Cookie decorating: You can have older children bake cookies themselves, but for the younger ones, provide premade cookies and an assortment of different-colored icings, sparkles and sprinkles for the kids to decorate their own cookies.
Story time: A great activity for younger elementary school and preschool kids: read aloud a favorite children's story, especially one about a tea party.
Tea Parties for Adults
Business & Networking
Tea parties work quite well as business and networking events. As with any other meeting for busy adults, however, it is important to manage time well. Be sure to have a clear agenda, a designated leader, and an effective means of keeping the meeting moving (and ending on-time).
As the meeting organizer, part of your job is to help people mingle. You can do this by giving attendees a specific objective in exchange for a tangible reward. The reward can be simple--like entry into a drawing for a door prize, free admission to the next event, or a small gift certificate from a popular coffee shop. As soon as there is some external incentive for a desired behavior, people become engaged very quickly. Following are a few examples of networking icebreakers:
At the beginning of the meeting, ask attendees to meet at least three people they have not spoken to before, collect their business cards, and during the program portion of the meeting, give them the opportunity to introduce one person they just met to the assembled group in 30 seconds or less.
Provide attendees with a treasure-hunt card that asks them to find (and write down the names and business names of) people who have certain traits. For example:
Find someone who just started selling auto insurance this year. Name/Business.
Find someone whose oldest child graduated from college last year. Name/Business.
Find someone who is not planning to retire within the next three years. Name/Business.
Aside from incentive-based games, you can also organize your tea as a speed-networking event, in which people sit together at small tables (no more than four per table), for a short period of time (no ore than five minutes) before rotating and moving to other tables.
A simple and less game-like way to get people to mingle is to assign seats at tables--making an effort not to put people from the same organization or department at the same table.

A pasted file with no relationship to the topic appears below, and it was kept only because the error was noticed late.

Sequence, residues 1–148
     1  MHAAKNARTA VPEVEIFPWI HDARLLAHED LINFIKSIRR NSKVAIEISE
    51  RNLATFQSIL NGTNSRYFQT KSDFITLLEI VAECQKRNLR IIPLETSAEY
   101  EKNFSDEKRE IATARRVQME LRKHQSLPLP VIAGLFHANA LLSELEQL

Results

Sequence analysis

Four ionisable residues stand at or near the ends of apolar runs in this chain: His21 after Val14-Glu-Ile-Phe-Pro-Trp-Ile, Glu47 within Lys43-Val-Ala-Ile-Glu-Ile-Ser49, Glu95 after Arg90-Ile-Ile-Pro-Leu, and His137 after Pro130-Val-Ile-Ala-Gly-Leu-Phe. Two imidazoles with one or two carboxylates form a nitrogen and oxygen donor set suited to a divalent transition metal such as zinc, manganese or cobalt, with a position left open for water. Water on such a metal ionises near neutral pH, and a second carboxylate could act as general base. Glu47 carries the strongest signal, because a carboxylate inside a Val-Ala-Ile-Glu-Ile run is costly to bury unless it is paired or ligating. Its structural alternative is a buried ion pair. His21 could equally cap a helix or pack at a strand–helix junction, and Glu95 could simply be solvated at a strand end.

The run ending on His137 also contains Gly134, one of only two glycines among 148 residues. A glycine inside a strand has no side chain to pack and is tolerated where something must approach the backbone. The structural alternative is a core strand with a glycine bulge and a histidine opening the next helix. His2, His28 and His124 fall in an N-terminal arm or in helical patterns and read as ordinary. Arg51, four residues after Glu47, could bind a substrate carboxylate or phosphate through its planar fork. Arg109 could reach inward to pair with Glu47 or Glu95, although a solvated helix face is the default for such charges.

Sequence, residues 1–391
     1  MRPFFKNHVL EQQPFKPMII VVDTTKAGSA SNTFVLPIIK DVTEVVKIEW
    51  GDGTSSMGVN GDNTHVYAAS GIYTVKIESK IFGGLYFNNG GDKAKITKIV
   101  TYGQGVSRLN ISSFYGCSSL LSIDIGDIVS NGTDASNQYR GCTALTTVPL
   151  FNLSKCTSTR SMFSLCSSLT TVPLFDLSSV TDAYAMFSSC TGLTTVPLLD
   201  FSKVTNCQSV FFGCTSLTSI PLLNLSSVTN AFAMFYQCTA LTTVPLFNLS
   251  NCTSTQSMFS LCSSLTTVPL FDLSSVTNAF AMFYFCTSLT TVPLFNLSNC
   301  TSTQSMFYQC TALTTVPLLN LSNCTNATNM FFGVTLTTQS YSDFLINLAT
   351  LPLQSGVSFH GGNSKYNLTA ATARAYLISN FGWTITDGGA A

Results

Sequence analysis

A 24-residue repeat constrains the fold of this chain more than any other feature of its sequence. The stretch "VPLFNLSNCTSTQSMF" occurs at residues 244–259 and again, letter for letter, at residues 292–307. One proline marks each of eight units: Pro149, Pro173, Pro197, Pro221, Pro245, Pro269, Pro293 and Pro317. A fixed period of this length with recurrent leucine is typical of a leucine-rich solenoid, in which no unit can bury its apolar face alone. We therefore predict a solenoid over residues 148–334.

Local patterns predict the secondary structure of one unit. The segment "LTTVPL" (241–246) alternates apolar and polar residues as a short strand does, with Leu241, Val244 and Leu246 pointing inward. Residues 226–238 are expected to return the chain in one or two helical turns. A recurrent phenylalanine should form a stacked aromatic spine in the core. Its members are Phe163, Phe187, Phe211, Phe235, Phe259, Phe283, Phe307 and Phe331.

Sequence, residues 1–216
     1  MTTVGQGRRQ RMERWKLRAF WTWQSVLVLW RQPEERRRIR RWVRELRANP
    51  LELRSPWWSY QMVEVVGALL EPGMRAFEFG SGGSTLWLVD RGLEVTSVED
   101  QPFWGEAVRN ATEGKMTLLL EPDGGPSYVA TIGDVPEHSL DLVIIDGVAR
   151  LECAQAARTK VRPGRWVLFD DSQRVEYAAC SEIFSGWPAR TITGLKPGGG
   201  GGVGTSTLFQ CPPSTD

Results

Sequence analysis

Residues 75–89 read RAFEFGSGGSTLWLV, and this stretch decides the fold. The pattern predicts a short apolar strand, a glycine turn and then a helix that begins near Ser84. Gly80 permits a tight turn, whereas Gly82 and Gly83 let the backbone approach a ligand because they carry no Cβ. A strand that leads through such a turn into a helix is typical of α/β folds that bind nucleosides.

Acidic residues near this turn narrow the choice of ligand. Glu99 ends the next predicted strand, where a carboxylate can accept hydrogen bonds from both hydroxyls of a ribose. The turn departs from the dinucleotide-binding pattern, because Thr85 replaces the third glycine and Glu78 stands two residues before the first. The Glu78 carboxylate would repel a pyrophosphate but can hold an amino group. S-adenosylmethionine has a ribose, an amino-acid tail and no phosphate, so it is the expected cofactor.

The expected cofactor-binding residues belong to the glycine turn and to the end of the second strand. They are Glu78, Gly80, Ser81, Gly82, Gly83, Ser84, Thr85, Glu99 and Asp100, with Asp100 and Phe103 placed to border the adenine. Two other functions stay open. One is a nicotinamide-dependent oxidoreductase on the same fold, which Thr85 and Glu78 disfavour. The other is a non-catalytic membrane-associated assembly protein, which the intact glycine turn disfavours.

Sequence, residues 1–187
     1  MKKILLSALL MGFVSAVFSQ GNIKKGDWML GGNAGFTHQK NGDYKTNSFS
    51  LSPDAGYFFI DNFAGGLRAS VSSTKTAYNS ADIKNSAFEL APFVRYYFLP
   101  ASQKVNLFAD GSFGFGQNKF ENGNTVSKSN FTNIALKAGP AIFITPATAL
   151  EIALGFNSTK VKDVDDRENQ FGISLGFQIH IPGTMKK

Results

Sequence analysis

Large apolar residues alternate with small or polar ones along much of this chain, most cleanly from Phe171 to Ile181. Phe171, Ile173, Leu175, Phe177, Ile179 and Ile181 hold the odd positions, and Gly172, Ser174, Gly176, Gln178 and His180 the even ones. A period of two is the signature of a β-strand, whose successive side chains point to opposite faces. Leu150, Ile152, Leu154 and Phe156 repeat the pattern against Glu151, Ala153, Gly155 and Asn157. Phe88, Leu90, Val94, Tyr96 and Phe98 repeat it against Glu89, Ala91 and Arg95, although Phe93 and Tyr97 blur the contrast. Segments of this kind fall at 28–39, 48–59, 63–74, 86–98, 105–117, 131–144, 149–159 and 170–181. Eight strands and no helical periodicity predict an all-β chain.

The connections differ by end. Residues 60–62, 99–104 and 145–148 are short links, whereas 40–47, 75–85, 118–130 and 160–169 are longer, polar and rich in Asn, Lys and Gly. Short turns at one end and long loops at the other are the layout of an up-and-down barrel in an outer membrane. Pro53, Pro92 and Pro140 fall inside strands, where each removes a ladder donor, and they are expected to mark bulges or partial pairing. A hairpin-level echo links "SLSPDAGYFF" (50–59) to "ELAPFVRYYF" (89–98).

One of the most difficult aspects of hosting a networking meeting is getting people to go--especially for a new organization that doesn't already have an established base. To make your meeting successful, you will need to recruit top-level business people who your attendees will want to meet. For example, if you would like to hold a networking meeting for fitness professionals in Fredericksburg, Virginia, the first step is making sure you have top-level hiring managers from the most popular health clubs, the managers of wellness programs from big corporations in your area, and so on.
Once your "stars" have committed to attend and possibly speak, make sure you promote the fact that they will be there either on the invitation or verbally, when you invite people.
Providing door prizes can also encourage people to attend a networking event. As attendees come in the door, ask them to place their business cards in a fish bowl. Draw one card for each prize. Prized may be things you purchase as the organizer, or they can be donations from attending organizations.
As mentioned previously, working adults are very busy, and keeping to a timetable shows respect for their time. Meetings should not last longer than an hour and a half, but an hour is even better. Here is a sample networking tea timetable.
5:00pm: Start time. Buffet-style tea and coffee service is ready. Teatime treats are ready.
5:00-5:15: Attendees arrive, casual networking.
5:15-5:20: Organizer welcomes guests, invites them get their food and tea, and to take their seats at tables.
5:20-5:35: Program portion of the event. Options:
Guests introduce themselves and briefly describe their business.
Formal speaker gives his/her presentation.
5:35-6pm: Casual networking, games, door prize drawings, and so on.
Other tea parties for adults
Tea parties make excellent gatherings for sorority events (parents weekend, Mother's Day, and faculty mixers). They are also an ideal fit for bridal showers, engagement parties, baby showers, birthday parties and fundraisers.
To turn your tea into a fundraiser, consider charging attendees for admission. In order to get people to pay to go, you will have to provide some sort of entertainment or opportunity they wouldn't get otherwise. For example:
Ask the local high school jazz band to perform for half an hour
Ask a professional DJ to donate his or her services to play music for your event
Find a professional dance instructor who is willing to donate a one-time introductory dance lesson for your attendees.
Provide an "Open-Mike Night" and recruit talented local singers, dancers, and musicians to perform as a donation for your event.
Ask local businesses to donate items for a silent auction.
Find a photographer who can donate his or her time to take portraits of attendees at the event.
- A Close Look at the Art of Tea Parties
- Menu Ideas: Savory Teas and Sweet Teas
- The Importance of the Service at a Tea Party
- The Planning Process for a Tea Party
- All About Tea Types
- The Importance of Team Work as a Waiter or Waitress
- Member Interactions And Community Development
- Kitchen Sanitation: How to Properly Handle Utensils and Food Supply
- Workplace Etiquette Rules
- Outlook of the Future of Community Development
- Developing an Image Consultation Business
- Preparations for Baking Cookies
- The Definition of Community Development
- Introduction to Waiter or Waitress Training
- The Art of Polite Conversation